October is World Mental Health Month. But mental health isn’t discussed just once a year in October. In fact, mental well-being is so significant that it is raised all year round: in March (Self-Harm Awareness), April (Stress Awareness), May (National Mental Health Awareness Month in the US) – just to name a few.
So why is it so important? In recent years, we have become increasingly inundated with stress. The advent of Covid exacerbated existing tolls and brought about newer ones.
On a positive note, Covid “helped” – companies were encouraged to let employees work from home. Employees were only too happy to avoid waking up at ungodly hours, and either driving in incessant traffic or squeezing with the masses on buses and trains to get to their offices. However, Covid and the resulting remote work served as a double-edged sword.
Think about it: how many of you feel burdened because it seems like your workday never really ends? What used to be a 9-to-6 turned into “one more Zoom meeting.” Often, we receive non-stop emails and Slack messages about “urgent” actions that need tending to. Even when you are done, access to work (your laptop or phone) is still just a few steps or clicks away.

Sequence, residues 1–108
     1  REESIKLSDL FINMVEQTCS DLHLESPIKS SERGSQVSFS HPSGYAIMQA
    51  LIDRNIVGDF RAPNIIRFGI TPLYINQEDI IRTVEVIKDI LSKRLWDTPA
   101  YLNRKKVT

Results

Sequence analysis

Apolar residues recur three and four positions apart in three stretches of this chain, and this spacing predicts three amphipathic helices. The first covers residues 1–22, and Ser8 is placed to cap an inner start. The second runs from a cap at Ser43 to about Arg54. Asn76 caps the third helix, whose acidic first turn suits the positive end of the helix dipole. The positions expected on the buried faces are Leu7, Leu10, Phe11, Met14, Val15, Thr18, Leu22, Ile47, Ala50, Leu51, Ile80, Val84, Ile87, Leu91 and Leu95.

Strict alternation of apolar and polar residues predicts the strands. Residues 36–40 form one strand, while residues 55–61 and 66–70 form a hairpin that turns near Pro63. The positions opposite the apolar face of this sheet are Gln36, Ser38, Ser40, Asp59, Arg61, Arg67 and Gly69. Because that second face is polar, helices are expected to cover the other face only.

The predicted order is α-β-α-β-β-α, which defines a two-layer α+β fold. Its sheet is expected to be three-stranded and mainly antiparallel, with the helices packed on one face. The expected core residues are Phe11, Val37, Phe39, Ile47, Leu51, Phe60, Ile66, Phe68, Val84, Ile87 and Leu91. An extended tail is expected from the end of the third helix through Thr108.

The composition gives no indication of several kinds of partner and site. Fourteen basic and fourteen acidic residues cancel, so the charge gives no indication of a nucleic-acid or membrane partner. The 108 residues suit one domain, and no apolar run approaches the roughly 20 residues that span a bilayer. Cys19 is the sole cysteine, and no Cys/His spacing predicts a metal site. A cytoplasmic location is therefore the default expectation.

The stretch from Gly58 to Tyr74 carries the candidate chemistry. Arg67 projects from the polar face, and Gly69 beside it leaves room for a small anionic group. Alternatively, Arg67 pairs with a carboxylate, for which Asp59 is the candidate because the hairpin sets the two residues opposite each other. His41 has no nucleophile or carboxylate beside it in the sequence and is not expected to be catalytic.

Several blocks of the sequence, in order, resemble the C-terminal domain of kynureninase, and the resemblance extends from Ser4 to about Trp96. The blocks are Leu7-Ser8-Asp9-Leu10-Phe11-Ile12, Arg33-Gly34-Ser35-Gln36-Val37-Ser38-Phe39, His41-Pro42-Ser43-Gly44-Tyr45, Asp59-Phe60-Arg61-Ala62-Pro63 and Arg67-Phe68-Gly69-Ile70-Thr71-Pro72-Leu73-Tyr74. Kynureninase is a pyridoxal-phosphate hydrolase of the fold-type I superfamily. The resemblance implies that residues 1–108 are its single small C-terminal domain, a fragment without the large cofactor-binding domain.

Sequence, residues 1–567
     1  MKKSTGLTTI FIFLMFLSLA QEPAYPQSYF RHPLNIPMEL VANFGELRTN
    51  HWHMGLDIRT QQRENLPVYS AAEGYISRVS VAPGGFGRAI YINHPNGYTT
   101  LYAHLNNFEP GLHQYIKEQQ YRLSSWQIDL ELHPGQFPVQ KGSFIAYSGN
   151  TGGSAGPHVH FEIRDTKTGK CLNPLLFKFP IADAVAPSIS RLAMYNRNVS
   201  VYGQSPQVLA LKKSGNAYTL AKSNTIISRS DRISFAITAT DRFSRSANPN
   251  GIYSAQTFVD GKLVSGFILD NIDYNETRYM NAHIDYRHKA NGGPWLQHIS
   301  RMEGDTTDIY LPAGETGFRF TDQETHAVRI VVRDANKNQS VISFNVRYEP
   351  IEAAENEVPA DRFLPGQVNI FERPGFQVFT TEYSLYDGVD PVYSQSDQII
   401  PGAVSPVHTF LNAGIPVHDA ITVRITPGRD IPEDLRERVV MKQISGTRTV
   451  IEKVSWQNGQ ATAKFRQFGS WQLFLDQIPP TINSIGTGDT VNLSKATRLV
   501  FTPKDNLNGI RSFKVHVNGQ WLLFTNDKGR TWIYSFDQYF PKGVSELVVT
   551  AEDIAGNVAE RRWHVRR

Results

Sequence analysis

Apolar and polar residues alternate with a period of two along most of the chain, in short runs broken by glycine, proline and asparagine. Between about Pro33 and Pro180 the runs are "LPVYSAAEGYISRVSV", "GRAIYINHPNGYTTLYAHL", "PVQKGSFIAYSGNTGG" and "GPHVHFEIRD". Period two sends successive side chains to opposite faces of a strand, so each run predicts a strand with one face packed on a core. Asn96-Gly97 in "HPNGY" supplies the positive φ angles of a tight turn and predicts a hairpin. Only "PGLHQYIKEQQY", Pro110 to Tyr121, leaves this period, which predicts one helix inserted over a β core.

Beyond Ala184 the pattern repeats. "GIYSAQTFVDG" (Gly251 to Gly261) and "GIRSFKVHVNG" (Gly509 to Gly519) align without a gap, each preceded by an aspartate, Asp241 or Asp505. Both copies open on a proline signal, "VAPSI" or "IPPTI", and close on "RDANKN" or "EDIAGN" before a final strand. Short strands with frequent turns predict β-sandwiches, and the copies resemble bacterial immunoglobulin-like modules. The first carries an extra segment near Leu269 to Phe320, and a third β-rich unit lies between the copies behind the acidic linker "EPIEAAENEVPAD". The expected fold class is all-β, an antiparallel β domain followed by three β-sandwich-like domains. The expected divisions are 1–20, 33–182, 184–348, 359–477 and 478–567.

When Kai, our HR Associate from Singapore, worked in Beijing, China, he found that most of his clients adopted a “9-9-6” mindset. What’s this, you ask? Well, it means working from 9am to 9pm, 6 days a week. It became the norm for employees to show up at the office on Saturdays, and sometimes even on Sundays. In fact, you’d be frowned upon if you didn’t! Kai saw first-hand how this resulted in burnout, stymied creativity, and made even the tightest-knit teams angry and irritable at one another.
Vested understands these challenges all too well – we are certainly not shielded from the negative impacts of stress. After all, we’ve had a distributed work environment since day one. That said, we value our employees’ mental well-being. While we can’t always get together for a fun offsite, we employ other ways to get the team energized, including weekly fun activities. One such activity is “Wellness Wednesdays”, where the Vested team engages with external experts to get tips on improving wellbeing. Another one is “Fun Fridays”, which in a nutshell is just fun and games in all forms!